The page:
Code of Conduct: A paladin must be of lawful good alignment
and loses all class abilities if she ever willingly commits an evil act.
Additionally, a paladinís code requires that she respect legitimate
authority, act with honor (not lying, not cheating, not using poison,
and so forth), help those in need (provided they do not use the help
for evil or chaotic ends), and punish those who harm or threaten
innocents.

Stealing falls in line with the paladin's necessity of acting with honor listing within their class description. Since the paladin did willingly choose to steal from citizens with no evidence that the individuals obtained the money illegally, the theft both likely breaks the laws of the area, was a dishonorable act, and is an evil action under the deontological perspective of ethics, I would have the Paladin fall.

I'm guessing that you think the actions were justified because they punished people who were evil. That's not good evil for a LG Paladin. You could attempt to set up a type of CG Paladin of Freedom who can use a consequentialist perspective of morality (https://en.wikipedia.org/wiki/Consequentialism). That would likely be a better fit for you. It's a better fit for the majority of people.

Toy Killer
2012-04-07, 05:24 PM
I would say that its incredibly un-paladin like to steal from anyone like such.

The idea of being a force of justice is that you don't stoop to their levels. You may kill, but typically under a modified castle law saying that you can defend yourself, or someone unable to kill themselves.

If the Vecna church is evil, truly evil, you should have no problem with liberating the country-side from the ugly pockmark. If they haven't done anything wrong, and are just simply clerics and priests researching new material in the name of a dark lord, but aren't actually doing anything wrong themselves; then the code requires you to let them be until they do wrong.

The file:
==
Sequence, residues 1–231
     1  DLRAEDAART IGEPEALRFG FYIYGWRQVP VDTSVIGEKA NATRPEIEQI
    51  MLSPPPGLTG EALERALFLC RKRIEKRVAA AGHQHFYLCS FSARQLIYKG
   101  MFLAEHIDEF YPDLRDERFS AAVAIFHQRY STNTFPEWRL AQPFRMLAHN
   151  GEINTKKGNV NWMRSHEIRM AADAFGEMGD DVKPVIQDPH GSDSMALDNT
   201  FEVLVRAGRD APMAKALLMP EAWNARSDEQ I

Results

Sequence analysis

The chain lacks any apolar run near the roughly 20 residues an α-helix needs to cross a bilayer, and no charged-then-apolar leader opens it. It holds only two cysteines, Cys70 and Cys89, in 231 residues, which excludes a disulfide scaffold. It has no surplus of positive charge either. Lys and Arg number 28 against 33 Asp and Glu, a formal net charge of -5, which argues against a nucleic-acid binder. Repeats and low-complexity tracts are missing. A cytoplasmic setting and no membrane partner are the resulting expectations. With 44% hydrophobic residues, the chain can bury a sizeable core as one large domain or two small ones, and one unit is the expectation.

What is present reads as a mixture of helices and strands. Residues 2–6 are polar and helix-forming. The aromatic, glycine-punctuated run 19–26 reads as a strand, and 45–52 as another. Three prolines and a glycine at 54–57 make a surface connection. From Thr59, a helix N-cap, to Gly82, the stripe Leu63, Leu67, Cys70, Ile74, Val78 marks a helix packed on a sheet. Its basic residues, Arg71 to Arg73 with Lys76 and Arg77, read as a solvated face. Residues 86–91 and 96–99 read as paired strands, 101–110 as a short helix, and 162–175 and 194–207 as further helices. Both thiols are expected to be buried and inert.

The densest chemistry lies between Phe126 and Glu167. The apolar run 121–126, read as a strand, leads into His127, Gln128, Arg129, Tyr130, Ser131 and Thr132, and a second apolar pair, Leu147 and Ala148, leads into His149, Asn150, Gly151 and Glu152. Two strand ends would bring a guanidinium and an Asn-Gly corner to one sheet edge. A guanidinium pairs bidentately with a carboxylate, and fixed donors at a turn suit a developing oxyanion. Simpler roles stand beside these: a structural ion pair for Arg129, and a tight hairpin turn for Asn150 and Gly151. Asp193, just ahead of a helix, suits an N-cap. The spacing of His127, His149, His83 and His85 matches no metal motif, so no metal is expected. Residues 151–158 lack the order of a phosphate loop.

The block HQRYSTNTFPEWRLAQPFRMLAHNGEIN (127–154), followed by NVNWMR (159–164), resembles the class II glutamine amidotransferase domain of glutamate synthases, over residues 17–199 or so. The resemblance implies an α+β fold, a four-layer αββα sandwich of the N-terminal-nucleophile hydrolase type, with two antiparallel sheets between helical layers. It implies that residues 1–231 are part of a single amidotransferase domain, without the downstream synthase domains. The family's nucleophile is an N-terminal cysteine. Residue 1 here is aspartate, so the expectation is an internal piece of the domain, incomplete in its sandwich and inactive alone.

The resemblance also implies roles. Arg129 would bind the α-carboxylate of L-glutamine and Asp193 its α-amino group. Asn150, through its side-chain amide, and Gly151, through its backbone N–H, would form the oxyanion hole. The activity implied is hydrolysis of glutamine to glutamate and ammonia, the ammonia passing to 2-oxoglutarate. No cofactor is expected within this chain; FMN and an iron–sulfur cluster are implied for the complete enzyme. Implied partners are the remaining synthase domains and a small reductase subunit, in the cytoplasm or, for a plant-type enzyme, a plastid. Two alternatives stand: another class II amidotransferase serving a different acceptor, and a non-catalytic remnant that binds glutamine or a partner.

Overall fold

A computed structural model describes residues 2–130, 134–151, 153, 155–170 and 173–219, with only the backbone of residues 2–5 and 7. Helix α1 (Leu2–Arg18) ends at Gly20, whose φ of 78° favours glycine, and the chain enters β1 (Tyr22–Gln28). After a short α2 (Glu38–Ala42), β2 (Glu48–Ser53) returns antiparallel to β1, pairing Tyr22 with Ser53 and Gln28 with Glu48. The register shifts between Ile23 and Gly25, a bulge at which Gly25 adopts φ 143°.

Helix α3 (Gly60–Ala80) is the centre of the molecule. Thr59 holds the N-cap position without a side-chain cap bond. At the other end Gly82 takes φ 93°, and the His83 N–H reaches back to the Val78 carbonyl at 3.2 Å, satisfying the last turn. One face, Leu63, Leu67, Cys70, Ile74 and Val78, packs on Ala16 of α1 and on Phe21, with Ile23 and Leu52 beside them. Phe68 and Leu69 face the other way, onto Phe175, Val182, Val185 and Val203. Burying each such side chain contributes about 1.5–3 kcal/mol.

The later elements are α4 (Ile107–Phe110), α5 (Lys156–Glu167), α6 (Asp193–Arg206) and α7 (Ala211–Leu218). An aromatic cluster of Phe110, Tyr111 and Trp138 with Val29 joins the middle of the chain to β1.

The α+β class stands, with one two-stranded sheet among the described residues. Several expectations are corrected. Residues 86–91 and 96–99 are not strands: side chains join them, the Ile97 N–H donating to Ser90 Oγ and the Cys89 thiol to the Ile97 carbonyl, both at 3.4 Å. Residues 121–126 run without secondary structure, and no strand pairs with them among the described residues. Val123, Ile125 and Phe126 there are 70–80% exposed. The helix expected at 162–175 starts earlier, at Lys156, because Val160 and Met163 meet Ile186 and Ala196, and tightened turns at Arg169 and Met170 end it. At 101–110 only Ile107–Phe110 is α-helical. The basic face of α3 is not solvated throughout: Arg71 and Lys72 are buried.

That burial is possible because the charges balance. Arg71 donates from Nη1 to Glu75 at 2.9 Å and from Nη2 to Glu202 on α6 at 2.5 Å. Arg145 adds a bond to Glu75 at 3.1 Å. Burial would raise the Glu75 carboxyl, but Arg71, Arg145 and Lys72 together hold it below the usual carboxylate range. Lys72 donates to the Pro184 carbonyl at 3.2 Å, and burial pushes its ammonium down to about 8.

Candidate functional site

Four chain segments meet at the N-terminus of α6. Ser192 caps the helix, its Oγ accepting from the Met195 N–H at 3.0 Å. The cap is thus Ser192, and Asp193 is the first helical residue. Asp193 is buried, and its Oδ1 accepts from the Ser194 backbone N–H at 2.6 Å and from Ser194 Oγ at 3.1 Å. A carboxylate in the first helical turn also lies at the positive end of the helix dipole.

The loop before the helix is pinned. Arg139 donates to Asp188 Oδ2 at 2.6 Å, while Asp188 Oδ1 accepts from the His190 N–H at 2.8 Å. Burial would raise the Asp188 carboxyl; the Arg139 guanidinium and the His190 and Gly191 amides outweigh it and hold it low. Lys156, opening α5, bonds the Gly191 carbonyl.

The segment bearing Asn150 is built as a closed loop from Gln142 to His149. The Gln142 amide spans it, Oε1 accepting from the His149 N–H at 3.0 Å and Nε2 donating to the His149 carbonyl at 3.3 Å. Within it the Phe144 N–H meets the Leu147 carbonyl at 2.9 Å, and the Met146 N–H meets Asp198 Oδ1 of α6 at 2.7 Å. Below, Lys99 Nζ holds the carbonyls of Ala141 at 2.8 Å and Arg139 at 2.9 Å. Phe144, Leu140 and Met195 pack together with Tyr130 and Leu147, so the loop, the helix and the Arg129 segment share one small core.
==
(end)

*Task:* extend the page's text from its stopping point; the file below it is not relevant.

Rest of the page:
One of the many frustrations of not playing a grey-guard paladin.:smallannoyed:

Sugashane
2012-04-07, 10:29 PM
I appreciate the replies. I see both sides of the argument now. As of now, the only reason I haven't had a direct confrontation is that when I try to find out if they are actively doing an evil deed or where they are taking the money, they somehow disappear (even detect evil did not show) so I am yet to catch them doing anything, plus fairly low level at the moment as we started a new campaign. Even our bard has been unable to find out where their money goes or what it is funding. I dislike the (poorly done) sneaking about but make do so I have a reason to go in swinging.

INoKnowNames
2012-04-08, 02:58 AM
I don't feel like quoting anything specific from the thread, but just making some general statements.

I don't see why Lawful implies Not-Sneaky. I've heard it that people find the idea of Lawful Rogues or other such types odd. And frankly, I find that just plain stupid, if only due to the idea of Government Super Spies and Black Ops, who would easily be Rogues, and could just as easily be Lawful. I always think of James Bond as a Lawful Good Rogue.

I'm certainly not going to say that a Paladin sneaking around isn't odd, if only because the class isn't really built for it, although that's hardly relevant to the discussion. But I see no issue with a Paladin fighting evil in such a way. If he pocketed the money, that's one thing. But stealing from an evil church to donate to charity? That doesn't seem like it would ping on an allignment scale to me.

Then again, I'm a rather loose person myself, prefering Neutral to Lawful or Chaotic.

I could have sworn I read in the Good Book (of Exalted Deeds) about whether or not it is more important to be Lawful or to be Good, specifically sighting a Paladin respecting local authority vs the Paladin's order in tracking down a criminal. I think it rules in favor more of Good than of Lawfulness. Then again, not everyone uses the Good Book, or the Evil Book (of Vile Darkness). For that matter, why isn't there a Lawful or Chaotic book?

Socratov
2012-04-08, 05:54 AM
lawful doesn't imply you never do an dishonerable act, hell, the lawful evil alignment is all about beÔng a dishonerable douche without actually breaking the law (hence it's a great alignment for lawyers).

A paladin does what is Right(tm), and sometimes some circumstances call for a different Right(tm) thing to do. IMO as long as the paladin can properly justify his actions as being Right(tm) he won't fall.

Ranting Fool
2012-04-08, 12:10 PM
My brother does philosophy in college and had a long and rather heated debate about alignments with a mate of mine who has a Masters in Science (can't remember the exact title) and wants to do another Masters in philosophy. Now I can't remember exactly which one said what but the argument for a pally was this. (and I'm misquoting because I can't remember the exact wording)